In general, the head is perceived to be the seat of wisdom and intellect, while the heart is the source of emotion. And yet in an intriguing piece of Torah, these polar opposites are woven together with the repetition of the phrase chacham lev or 'wise-heart' a total of seven times, when referencing the leaders and builders of the tabernacle.[1] The question, therefore, is what is the meaning behind this unique phrase?[2]

Academic pursuits are generally considered intellectual. Subjects like mathematics, philosophy and science are typically explored in the theoretical cognitive realm. Even fields of study that can have practical application on a day-to-day basis often do not actually affect the manner in which one lives or the character that one represents.

Judaism in its truest sense, however, requires a combination of cerebral, behavioural and spiritual rigour. It requires a commitment of heart, mind and practice. Whilst those endowed with great knowledge may be deemed knowledgeable, the manner in which they conduct themselves will ultimately be the yardstick that defines whether or not they are a talmid chacham - a scholar of wisdom. The fact that this title requires the practical application of wisdom, not just the theoretical knowledge, differentiates it from almost all other academic or intellectual pursuits and offers insights into the deeper meaning of the term 'chacham'. To be a chacham lev therefore, is to be an academic of thought and action - someone with the ability to harmonise considerations, feelings and practice. It is not just about one's regular intelligence or IQ, but one's emotional intelligence or EQ.

The archetypical Jewish prayer, the Shema, states, '[the Torah] that I command you today, should be on your heart.'[3] The obvious question is why the Torah should be on one's heart, rather than in one's heart? If the Torah is of such great importance, one would assume it ought to be internalized, rather than situated outside of one's very being. This subtle difference may add depth to our understanding of the term chacham lev.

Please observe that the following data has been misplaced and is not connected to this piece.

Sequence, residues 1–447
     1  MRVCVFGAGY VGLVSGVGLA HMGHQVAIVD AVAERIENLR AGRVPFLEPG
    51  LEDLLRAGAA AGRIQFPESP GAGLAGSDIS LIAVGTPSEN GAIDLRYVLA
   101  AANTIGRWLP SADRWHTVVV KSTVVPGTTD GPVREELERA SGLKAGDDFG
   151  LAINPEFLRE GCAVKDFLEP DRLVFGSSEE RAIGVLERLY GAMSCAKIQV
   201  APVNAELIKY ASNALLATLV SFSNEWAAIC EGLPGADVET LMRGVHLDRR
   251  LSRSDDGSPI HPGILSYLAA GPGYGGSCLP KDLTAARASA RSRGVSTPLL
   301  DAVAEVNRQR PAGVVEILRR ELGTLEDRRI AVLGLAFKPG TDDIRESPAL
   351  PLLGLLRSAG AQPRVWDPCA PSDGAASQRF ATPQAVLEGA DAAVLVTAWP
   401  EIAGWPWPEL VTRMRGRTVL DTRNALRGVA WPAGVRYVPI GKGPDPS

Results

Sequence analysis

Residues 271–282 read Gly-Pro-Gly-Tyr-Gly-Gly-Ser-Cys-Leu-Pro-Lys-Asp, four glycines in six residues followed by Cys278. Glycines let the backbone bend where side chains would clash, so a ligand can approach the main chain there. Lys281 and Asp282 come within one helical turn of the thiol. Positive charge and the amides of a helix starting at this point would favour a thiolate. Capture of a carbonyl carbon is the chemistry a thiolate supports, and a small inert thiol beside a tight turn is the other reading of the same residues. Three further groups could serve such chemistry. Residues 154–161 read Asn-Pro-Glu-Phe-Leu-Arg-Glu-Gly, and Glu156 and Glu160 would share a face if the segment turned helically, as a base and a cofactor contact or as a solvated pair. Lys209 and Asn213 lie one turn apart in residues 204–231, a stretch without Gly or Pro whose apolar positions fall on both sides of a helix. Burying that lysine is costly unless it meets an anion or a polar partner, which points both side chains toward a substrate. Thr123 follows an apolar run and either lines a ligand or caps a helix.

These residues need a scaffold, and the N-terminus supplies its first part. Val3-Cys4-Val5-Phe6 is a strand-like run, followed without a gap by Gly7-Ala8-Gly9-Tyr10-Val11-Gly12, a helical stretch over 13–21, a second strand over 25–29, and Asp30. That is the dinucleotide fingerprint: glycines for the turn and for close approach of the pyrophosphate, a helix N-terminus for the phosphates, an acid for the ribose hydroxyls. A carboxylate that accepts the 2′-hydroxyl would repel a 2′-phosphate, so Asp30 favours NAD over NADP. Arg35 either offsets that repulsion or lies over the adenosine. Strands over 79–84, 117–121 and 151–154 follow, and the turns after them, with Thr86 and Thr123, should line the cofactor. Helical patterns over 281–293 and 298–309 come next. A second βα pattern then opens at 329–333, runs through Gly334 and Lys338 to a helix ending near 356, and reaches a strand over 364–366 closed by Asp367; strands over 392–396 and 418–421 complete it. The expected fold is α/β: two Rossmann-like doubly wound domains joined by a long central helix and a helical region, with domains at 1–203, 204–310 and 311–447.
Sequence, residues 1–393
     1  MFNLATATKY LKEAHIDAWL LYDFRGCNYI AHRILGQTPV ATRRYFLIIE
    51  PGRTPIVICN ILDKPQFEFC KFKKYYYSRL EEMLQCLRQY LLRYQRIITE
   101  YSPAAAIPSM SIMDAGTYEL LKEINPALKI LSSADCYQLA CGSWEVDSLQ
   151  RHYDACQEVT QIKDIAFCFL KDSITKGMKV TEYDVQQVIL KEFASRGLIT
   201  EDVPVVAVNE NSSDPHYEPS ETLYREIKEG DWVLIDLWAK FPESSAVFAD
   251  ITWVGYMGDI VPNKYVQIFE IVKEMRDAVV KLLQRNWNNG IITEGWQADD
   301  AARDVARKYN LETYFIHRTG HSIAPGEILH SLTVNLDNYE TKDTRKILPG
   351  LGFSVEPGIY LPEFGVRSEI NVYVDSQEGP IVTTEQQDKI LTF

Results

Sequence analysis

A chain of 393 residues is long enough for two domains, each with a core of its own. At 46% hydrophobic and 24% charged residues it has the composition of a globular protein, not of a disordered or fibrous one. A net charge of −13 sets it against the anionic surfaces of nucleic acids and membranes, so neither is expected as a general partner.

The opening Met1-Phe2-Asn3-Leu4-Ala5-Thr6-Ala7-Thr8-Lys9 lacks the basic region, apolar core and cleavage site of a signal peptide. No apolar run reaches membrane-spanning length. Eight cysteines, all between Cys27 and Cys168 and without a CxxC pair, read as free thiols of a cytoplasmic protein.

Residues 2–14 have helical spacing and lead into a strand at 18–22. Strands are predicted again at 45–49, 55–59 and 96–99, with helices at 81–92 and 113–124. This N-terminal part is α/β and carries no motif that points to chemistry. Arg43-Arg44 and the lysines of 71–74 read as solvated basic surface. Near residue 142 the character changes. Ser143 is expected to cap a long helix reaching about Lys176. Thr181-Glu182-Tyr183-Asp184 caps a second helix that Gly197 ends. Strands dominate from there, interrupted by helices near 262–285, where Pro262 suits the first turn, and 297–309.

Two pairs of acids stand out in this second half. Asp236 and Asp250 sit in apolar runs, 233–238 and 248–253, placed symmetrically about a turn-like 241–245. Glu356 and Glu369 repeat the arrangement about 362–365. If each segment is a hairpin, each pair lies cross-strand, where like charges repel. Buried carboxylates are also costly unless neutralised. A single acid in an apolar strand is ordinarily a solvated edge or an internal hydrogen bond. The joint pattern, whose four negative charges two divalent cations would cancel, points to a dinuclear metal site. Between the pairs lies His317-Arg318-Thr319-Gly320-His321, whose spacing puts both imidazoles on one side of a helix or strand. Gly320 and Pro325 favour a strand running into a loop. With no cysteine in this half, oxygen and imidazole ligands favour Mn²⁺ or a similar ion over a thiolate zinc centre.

Every person in some shape or form is touched or moved at different moments in their life. It may be a definitive milestone with family or friends, a breath-taking view, an intense musical moment or a powerful encounter - everyone feels moved at least once. Judaism views these inspirational moments as gifts - opportunities that God, so to speak, places upon our heart. Once placed upon our heart - acceptance is up to us. The daily declaration that the Torah is placed on one's heart - rather than in one's heart - is a constant reminder of our responsibility to become an active player in the process and the need for us to recognize and internalise these unique spiritual gifts rather than letting them pass us by.

If we return, therefore, to the verses recounting the building of the Sanctuary, we can now understand the meaning behind the repetition of the description of the 'wise-hearted' people. True wisdom is not merely intellectual talent, but an emotional appreciation, not the superficial exposure to moving moments, rather the ability to notice the sacred and invite it into the day-to-day. All of us on numerous occasions are faced with both knowledge based content and experiential emotional moments. In order to earn the title of chacham lev - wise-hearted, it is upon us not to simply notice or learn, but to synthesize these unique experiences simultaneously into our heads, hearts and daily lives. It is thus our responsibility to truly live that which we learn. And perhaps this is the reason that those words of the Shema are written inside the tefillin that are worn daily during the Morning Prayer services, with one piece next to our heads and one piece next to our hearts and hands, neither of which can be worn in isolation. We are born with many blessings - a good brain, a kind heart and capable hands - but it is up to us and only us, to successfully weave together our intellect with our emotions and express it through our actions in order to earn wisdom of the heart.


We identify the head as the seat of intellect, and the heart as the source of emotion. Wisdom can generally be attributed to those who refine their intellect and kindness generally attributed to those who work on their hearts. In that context, when the Torah unusually and repeatedly weaves these two concepts together in its use of the term wise-heart it leaves us wondering what deeper underlying message it might behold.


1. Exodus 35:25; 35:35; 36:1; 36:2; 36:8.
2. This question is also asked by Rabbi Naftali Tzvi Yehuda Berlin, Emek Hadavar 31:6.
3. Deuteronomy 6:6.